There certainly is a level playing field in magic. Luck equally affects both players, each player has the same access to every card*, each player has the same amount of time, so unless one player is somehow restricted in any of these factors, the playing field definitely is even. All that matters is the combination of who is the better deckbuilder (which is a strategic skill) and who is the better player (which is a tactical skill).

Now if you only want to test deckbuilding, you will need to eliminate the factor of play skill (eg. you might have the same two players play the deck several times). Or conversely, if you want to test only playing skill, you might want to eliminate deckbuilding by having everyone play the exact same deck (this is akin to duplicate bridge).

* I am aware that more money means more access, but the game does not enforce your budget or make certain cards illegal for only some of the players. So in principle all cards are equally available to all players.
Free Speech
Free speech is the right to speak your mind without government censorship and without fear of extralegal retaliation like harassment or violence. That’s all! Free speech doesn’t include the right to speak your mind on any forum anywhere. The government may not prevent you from speaking, but private parties, like blog owners or corporations, aren’t required to let you use their property as your platform. Free speech doesn’t include the right to be believed or to be taken seriously. People may mock, ridicule or laugh at what you say, or they may reject it outright. Free speech doesn’t include the right to be listened to. People who don’t desire to hear your opinion can hang up on you, block you on social media, change the channel, close the browser tab. Free speech doesn’t give you the right to bombard people with harassing messages or otherwise force them to pay attention to you against their will. And free speech doesn’t include the right to suffer no consequences whatsoever for your expressed opinions.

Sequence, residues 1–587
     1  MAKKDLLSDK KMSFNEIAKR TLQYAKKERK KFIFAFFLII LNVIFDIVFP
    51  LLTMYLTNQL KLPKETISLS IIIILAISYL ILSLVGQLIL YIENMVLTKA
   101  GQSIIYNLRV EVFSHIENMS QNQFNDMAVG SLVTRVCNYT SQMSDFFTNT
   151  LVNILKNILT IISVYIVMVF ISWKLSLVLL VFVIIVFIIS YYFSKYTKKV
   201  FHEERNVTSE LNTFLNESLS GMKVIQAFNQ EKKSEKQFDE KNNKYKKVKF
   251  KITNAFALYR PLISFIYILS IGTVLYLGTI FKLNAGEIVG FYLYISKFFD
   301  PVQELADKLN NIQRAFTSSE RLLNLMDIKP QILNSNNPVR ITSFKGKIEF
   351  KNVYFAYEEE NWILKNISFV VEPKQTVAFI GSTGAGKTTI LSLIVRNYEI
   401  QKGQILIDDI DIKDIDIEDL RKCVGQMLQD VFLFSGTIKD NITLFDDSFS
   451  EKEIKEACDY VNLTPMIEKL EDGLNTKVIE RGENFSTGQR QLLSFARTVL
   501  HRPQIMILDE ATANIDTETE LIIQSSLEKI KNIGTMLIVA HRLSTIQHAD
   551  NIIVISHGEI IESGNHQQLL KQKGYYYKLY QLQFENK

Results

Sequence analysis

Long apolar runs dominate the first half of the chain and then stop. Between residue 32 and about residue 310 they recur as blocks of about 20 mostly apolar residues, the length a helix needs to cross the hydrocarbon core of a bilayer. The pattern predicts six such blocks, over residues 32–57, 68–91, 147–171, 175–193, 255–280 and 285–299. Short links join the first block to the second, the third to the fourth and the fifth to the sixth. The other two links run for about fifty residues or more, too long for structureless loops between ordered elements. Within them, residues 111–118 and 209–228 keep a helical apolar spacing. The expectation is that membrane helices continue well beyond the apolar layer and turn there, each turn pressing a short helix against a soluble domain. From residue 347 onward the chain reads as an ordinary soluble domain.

Casual magic makes no direct revenue to WoTC so therefore gets no direct development. Asking for anything else, is futile. Best suggestion is to find people that play like you do and friend them and/or clan with them. Best of luck to you.



i almost agree with this. while i do do a good bit of limited events, the bulk of my buying of mtg and mtgo cards is to build casual decks. the revenue stream for casual decks, is not quite direct nor is it very constant. it mostly peaks when a new set comes out. us casual players are after things that are not tourney calibre only - we like the fun cards as much as the money cards - and we go after things of the lower rarities just as much as the more mythical ones. i begin collecting a new set by first building up playsets of commons and then uncommons. then i set about building things; and tracking down rares i want.

i am a casual player, and a deck builder. at last count i had around 1,250 decks saved.

the closest direct revenue stream thatotc gets from casual players is when we purchase stuff in the online store. the magic online player rewards program offering points for money spent there, as well as a few points for just logging on shows that they understand, appreciate, and want to give something back to those of us who dont do much eventing. it is small, but it counts.
I would go even further than Nushae did and say there IS no level playing field in MTG. Customizable games and strategy games are by definition uneven. And even if you take the same exact decks and only play with and against them you will find the better player wins because their level of play is higher. It is extremely rare to find two players who are so evenly matched that neither can gain consistent advantage. It is true that some people are streaky but even so skill level also makes the playing field uneven. One of the reasons this is so is that there is hidden information. Another is the random nature of shuffling.



You can't include the players' skill in the definition of what the playing field is. You strive to create a level playing field in an attempt to make players' skill the ONLY factor, so by definition it can't be part of it.

There certainly is a level playing field in magic. Luck equally affects both players, each player has the same access to every card*, each player has the same amount of time, so unless one player is somehow restricted in any of these factors, the playing field definitely is even. All that matters is the combination of who is the better deckbuilder (which is a strategic skill) and who is the better player (which is a tactical skill).